10 Ways an OT Can Help With MS Independence

by Lara DeSanto Health Writer

As the name suggests, an occupational therapist (OT) can help make doing your job easier, but they do a heck of a lot more. An OT can play a major role on your healthcare team when you have multiple sclerosis (MS). MS symptoms—from thinking problems to fatigue—can create obstacles in daily life. That’s where your OT comes in, says Gabe Byars, a licensed OT at Salt Lake Community College and the University of Utah in Salt Lake City, who specializes in working with people with MS. Here are 10 reasons to consider seeing an OT if you have MS.

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Think of Your OT as Your MS Consultant

Not sure where to start when it comes to tackling problems related to your MS symptoms? “A really good OT will be not an instructor but a consultant,” Byars explains. “They’ll work side by side with you to figure out how to make things easier for you.” That can include troubleshooting tasks that have become more complicated by your MS because of tremors or muscle weakness. These include getting dressed, taking a shower, or, more broadly, teaching you to conserve your energy to last throughout the day.

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Get Help Building Helpful Habits

One big thing your OT can help you with is building habits that improve life with MS—which is actually really tricky, says Byars, since research shows forming a new habit can take months. Maybe that new habit you want to form is learning to take regular breaks to help you better conserve your energy throughout the day; your OT can help you track this behavior and work with you through the process, Byars says.

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Learn to Prioritize, Plan, and Pace Yourself Better

Your OT isn’t there to tell you what to do—their goal is to help you do the things you feel are important in your life, Byars explains. To that end, they can help you prioritize—and then execute those goals. “Things at the top of your list are where you invest your energy and time,” Byars says. Your OT may help you figure out which parts of the day you typically have the most energy, and help you make a plan to pursue those top-tier goals during those times. With MS, it’s all about pacing, Byars says.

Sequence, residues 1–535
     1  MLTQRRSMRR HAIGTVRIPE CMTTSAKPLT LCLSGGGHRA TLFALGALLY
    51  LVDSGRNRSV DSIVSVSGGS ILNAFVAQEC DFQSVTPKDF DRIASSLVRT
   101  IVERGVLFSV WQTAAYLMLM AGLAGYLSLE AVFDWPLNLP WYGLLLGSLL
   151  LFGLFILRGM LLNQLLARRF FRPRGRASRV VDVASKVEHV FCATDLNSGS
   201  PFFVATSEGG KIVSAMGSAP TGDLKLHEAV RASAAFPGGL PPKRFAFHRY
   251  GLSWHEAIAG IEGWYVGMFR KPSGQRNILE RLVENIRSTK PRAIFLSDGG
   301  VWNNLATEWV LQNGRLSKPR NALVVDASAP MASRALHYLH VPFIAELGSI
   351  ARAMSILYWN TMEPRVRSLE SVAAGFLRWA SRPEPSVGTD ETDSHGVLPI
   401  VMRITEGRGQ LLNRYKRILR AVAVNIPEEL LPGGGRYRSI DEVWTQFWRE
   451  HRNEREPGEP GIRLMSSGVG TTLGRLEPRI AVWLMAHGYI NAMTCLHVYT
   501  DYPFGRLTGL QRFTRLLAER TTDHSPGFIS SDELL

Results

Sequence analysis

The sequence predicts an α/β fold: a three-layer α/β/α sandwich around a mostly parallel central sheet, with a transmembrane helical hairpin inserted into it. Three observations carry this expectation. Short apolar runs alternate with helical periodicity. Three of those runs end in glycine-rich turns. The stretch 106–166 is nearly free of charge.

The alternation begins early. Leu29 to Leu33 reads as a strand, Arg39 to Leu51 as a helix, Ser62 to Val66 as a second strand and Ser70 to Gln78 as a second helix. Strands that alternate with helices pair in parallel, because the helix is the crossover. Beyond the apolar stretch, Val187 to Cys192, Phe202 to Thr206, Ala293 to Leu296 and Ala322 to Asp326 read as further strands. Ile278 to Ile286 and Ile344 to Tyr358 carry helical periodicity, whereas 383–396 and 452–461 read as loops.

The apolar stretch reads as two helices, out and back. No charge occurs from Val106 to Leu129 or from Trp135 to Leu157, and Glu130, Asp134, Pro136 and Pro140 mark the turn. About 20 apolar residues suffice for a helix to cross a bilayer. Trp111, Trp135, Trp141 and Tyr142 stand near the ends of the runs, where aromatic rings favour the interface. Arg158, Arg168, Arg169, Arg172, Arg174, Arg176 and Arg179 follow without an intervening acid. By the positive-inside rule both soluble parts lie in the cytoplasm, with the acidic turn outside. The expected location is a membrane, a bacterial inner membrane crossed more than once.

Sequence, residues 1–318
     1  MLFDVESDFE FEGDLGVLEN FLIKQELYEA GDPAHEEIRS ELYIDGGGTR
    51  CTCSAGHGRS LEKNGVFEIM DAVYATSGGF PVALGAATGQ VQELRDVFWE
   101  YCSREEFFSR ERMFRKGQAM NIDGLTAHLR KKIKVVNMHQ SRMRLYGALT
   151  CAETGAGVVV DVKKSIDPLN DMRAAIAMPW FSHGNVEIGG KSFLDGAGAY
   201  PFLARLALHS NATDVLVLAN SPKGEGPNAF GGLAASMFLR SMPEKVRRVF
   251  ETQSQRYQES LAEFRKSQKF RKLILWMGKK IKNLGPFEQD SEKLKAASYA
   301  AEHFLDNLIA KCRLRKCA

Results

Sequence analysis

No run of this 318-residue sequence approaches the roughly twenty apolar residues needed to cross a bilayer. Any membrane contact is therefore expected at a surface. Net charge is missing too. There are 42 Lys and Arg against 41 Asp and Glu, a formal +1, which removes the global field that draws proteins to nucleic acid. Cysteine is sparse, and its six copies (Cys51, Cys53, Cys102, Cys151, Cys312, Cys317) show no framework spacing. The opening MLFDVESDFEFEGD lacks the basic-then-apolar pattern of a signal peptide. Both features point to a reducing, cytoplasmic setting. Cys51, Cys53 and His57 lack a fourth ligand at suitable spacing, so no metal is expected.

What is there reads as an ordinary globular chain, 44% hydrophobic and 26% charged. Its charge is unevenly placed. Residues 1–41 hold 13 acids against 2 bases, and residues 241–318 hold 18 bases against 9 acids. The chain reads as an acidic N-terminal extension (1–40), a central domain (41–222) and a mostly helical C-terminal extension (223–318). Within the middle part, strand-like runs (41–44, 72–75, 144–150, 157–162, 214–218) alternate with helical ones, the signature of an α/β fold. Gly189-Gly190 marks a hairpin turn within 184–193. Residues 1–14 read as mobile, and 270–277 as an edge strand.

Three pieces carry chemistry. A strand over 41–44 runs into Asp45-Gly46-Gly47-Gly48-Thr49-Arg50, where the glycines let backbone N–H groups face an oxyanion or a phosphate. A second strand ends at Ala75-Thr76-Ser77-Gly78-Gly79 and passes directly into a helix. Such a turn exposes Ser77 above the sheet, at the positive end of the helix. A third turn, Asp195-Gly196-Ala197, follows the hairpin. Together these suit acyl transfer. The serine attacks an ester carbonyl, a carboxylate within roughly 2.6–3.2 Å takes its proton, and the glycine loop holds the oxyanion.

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Help Manage Your MS-Related Fatigue

More than 75% of people with MS experience fatigue, according to the Cleveland Clinic. There’s primary fatigue (the direct result of MS), and also secondary fatigue, which comes from poor sleep, medication side effects, and chronic stress, says Rebecca Cunningham, OTD, OTR/L, assistant professor of clinical OT at the University of Southern California in Los Angeles.

While the primary fatigue won’t likely disappear, Cunningham says your OT will work with you to try to reduce those secondary factors. “Then we can use activity pacing, energy conservation, and energy optimization strategies to work around and with the primary fatigue,” she says.

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Practice Cognitive Skills and Learn to Adapt to Changes

Cognitive problems are another common MS symptom. “We often see processing speed decreases, and advanced reasoning, planning, and problem-solving may take longer,” Byars explains. MS can affect your memory later in the disease, too; and while you may be tempted to do memory games and brain puzzles to help remedy this, Byars says this isn’t the best approach. “If you’re having trouble balancing a checkbook, Sudoku isn’t going to cut it. Data on cognitive rehabilitation show if you are working on a challenging task and do it in a supportive way, you will improve on that task.”

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Troubleshoot Sleep Problems